- 1.1 mile Leigh Street Infant School SK142RP
- 1.1 mile Woodley Primary School SK61LH (445 pupils)
- 1.2 mile Gee Cross Holy Trinity CofE (VC) Primary School SK145LX (235 pupils)
- 1.2 mile Hyde-Clarendon College SK142JZ
- 1.3 mile Flowery Field Primary School SK144SN (477 pupils)
St John Fisher RC Primary School,
Manor Road, Haughton Green, Denton, Manchester, M34 7SW
|Inspection dates||9–10 July 2013|
|Overall effectiveness||This inspection:||Good||2|
|Achievement of pupils||Good||2|
|Quality of teaching||Good||2|
|Behaviour and safety of pupils||Good||2|
|Leadership and management||Good||2|
Summary of key findings for parents and pupils
This is a good school.
It is not yet an outstanding school because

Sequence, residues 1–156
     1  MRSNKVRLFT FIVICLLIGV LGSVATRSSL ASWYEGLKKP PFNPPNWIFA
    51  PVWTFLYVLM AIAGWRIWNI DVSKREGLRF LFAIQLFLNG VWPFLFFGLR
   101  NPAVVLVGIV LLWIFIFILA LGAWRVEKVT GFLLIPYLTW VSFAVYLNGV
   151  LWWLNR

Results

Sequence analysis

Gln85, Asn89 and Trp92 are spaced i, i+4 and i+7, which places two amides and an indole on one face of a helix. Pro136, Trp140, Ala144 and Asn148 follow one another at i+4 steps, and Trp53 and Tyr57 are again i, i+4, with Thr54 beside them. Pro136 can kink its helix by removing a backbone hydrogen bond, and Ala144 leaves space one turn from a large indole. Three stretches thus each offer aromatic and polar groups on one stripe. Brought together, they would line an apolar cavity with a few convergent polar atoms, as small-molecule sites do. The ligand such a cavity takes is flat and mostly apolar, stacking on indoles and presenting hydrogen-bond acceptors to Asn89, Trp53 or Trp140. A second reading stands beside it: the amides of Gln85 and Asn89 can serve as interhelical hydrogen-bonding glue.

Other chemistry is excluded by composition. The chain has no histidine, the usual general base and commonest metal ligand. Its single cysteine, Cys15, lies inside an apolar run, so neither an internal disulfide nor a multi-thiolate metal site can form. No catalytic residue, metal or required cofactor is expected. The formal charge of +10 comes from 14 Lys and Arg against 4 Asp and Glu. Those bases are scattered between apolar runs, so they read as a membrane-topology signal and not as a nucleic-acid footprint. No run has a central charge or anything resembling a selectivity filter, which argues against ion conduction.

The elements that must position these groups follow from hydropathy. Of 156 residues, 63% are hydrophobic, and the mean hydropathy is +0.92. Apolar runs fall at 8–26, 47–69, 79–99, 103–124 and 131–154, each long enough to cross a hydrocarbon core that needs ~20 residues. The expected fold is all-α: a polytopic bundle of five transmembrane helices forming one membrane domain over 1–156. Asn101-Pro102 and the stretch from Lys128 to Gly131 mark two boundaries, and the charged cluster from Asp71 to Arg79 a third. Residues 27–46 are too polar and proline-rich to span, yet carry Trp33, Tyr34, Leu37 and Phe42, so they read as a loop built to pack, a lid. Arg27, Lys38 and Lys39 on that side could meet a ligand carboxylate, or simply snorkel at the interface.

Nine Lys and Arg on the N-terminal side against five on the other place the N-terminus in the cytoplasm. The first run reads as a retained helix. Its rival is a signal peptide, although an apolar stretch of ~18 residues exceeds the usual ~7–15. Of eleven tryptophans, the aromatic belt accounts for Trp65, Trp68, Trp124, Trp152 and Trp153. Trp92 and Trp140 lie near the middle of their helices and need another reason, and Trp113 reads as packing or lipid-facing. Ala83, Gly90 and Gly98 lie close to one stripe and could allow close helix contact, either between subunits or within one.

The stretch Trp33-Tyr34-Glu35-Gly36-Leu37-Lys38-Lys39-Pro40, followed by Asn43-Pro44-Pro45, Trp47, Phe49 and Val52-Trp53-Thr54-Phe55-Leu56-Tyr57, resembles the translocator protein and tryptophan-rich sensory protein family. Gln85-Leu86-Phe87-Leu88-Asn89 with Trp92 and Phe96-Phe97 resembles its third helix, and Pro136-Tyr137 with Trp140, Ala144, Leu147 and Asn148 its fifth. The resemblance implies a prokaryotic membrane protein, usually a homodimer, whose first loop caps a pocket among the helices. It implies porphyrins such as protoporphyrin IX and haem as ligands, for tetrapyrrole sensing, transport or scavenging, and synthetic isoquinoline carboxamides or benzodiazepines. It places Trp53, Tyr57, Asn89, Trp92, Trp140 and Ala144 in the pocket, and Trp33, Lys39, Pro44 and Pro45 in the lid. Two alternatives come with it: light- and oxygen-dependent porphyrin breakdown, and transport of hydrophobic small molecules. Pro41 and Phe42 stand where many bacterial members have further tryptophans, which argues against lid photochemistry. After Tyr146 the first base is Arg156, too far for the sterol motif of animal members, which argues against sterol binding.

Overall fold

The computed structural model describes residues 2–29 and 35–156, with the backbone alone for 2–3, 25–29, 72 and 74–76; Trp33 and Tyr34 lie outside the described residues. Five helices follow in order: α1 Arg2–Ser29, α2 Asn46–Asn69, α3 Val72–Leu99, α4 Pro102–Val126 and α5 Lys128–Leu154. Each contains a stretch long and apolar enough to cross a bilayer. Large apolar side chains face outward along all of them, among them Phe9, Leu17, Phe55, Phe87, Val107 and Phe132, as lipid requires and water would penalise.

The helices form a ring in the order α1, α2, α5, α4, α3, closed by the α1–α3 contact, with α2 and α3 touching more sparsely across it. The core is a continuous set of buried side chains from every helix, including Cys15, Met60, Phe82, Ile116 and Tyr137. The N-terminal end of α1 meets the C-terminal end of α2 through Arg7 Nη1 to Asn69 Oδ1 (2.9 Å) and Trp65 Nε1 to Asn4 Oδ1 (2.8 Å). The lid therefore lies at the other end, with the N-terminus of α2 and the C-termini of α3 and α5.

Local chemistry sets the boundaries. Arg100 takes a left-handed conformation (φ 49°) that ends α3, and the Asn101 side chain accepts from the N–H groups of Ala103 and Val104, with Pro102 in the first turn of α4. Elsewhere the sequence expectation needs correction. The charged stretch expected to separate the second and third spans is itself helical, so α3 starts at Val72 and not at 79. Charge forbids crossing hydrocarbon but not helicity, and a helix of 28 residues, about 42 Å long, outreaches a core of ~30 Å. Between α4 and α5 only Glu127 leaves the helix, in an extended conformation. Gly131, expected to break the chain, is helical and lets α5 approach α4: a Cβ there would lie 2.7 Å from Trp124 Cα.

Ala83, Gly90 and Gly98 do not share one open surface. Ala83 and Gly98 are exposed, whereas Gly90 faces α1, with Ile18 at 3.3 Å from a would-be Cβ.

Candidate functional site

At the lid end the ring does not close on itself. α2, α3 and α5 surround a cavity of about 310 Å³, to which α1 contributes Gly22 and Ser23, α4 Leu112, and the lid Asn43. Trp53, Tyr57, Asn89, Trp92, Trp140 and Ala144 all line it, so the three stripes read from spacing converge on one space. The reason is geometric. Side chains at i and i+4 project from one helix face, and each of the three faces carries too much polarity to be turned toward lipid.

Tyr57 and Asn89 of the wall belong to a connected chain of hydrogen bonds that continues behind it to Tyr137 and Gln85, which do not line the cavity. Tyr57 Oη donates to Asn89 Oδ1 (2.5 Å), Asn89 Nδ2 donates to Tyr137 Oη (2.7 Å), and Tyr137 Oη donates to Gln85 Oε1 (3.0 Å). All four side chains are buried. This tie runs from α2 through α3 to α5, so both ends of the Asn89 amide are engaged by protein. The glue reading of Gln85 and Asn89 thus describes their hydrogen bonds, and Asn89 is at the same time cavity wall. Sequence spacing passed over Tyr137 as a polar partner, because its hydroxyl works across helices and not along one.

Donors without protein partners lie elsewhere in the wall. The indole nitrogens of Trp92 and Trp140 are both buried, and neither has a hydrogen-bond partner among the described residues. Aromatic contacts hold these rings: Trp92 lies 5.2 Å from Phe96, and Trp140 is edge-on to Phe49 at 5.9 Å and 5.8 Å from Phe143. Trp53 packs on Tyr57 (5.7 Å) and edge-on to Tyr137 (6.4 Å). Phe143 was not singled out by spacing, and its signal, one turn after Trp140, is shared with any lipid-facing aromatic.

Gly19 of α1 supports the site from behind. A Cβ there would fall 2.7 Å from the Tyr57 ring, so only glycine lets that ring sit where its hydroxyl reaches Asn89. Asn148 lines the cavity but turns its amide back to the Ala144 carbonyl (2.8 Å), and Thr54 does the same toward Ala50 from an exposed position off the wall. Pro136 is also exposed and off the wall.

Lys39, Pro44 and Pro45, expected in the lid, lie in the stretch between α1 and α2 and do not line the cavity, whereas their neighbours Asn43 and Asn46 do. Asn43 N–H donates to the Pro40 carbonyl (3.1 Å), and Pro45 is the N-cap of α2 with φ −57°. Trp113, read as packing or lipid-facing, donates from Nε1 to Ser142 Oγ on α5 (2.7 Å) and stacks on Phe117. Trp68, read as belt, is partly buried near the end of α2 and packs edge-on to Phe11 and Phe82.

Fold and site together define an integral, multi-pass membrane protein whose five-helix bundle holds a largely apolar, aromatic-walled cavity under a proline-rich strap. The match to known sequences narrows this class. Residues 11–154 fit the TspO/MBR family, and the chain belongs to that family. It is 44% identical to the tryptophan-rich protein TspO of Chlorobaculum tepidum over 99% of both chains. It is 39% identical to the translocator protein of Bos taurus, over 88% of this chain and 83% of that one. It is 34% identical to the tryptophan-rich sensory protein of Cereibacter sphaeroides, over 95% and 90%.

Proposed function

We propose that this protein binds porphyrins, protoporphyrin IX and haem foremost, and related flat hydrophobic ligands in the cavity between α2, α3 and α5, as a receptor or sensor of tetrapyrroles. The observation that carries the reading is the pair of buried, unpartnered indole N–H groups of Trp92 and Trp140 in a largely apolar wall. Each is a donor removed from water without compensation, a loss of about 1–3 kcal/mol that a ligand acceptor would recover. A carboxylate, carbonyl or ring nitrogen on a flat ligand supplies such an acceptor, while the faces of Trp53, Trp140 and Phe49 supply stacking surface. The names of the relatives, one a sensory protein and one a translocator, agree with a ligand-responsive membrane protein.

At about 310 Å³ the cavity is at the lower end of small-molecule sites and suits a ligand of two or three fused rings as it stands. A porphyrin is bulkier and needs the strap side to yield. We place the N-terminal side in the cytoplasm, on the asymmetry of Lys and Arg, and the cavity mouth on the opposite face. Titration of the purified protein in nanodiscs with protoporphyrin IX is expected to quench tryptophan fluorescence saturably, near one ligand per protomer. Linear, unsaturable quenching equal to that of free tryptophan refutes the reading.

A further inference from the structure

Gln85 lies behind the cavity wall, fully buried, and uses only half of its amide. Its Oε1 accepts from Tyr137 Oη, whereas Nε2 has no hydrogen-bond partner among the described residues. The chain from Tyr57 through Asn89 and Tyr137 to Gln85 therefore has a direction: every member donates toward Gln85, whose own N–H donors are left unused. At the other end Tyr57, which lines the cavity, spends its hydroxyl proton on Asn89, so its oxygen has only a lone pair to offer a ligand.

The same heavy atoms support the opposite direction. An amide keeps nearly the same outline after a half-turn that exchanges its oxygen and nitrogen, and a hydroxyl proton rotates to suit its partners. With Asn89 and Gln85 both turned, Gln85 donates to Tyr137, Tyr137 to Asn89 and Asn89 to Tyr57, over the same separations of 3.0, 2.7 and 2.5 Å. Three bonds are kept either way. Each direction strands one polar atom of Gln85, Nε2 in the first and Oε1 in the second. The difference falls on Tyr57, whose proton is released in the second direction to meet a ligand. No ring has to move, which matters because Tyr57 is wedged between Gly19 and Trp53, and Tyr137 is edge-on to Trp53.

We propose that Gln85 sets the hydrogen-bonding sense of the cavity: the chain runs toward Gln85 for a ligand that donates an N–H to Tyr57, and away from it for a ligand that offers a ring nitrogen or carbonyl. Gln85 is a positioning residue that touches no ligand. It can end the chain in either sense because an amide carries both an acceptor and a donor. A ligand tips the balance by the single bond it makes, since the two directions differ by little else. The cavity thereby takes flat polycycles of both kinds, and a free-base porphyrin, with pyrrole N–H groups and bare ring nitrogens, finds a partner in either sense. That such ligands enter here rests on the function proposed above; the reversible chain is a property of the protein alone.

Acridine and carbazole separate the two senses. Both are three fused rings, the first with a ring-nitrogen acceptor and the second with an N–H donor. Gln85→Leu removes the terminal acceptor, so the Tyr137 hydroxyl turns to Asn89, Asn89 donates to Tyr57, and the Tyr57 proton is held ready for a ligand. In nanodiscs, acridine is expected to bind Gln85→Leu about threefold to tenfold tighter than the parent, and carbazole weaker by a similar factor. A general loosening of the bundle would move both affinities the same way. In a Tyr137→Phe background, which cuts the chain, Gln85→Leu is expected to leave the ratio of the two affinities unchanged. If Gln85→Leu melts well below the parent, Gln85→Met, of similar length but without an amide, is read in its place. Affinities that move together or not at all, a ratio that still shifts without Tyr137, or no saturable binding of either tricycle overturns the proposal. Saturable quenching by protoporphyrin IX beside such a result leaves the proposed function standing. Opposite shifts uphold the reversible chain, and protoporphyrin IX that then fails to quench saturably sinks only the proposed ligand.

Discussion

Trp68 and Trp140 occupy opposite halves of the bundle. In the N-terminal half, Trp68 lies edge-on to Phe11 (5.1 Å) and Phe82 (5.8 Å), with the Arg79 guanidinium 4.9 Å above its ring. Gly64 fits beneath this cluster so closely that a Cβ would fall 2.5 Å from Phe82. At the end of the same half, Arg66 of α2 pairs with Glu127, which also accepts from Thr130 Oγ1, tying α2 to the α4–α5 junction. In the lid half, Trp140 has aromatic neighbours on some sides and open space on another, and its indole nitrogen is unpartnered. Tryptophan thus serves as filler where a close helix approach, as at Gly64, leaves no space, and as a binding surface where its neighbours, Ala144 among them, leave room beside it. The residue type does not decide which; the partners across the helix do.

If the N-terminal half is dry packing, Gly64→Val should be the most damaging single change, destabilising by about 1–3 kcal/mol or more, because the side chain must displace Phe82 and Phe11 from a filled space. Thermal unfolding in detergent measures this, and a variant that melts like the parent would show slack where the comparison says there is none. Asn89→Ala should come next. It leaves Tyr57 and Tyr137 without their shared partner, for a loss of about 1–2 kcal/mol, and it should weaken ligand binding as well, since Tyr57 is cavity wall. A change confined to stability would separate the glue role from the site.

| Pupils’ achievement is good. Pupils from the |
Pupils’ attainment in English and mathematics
Children in the Early Years Foundation Stage
The quality of teaching is good and a
The spiritual character of the school makes a
specially resourced base also achieve well.
Pupils who are disabled and those with
special educational needs receive effective
support and make good progress.
has risen to above average.
make good progress in the very stimulating
and attractive classrooms and outdoor areas.
significant amount is outstanding. Pupils
enjoy the challenge and excitement of
grasping new knowledge and skills.
positive contribution to pupils’ moral, social,
cultural and spiritual development.
| Behaviour is good and pupils are unfailingly |
Staff come together in a shared commitment
Changes in leadership of the governing body
The headteacher and governors have worked
This is an effective and improving school
polite around school. Pupils are keen
conversationalists and confident young people.
to improve the achievement of pupils because
of clear expectations set by senior leaders.
over the past year have been managed
effectively to ensure that the school is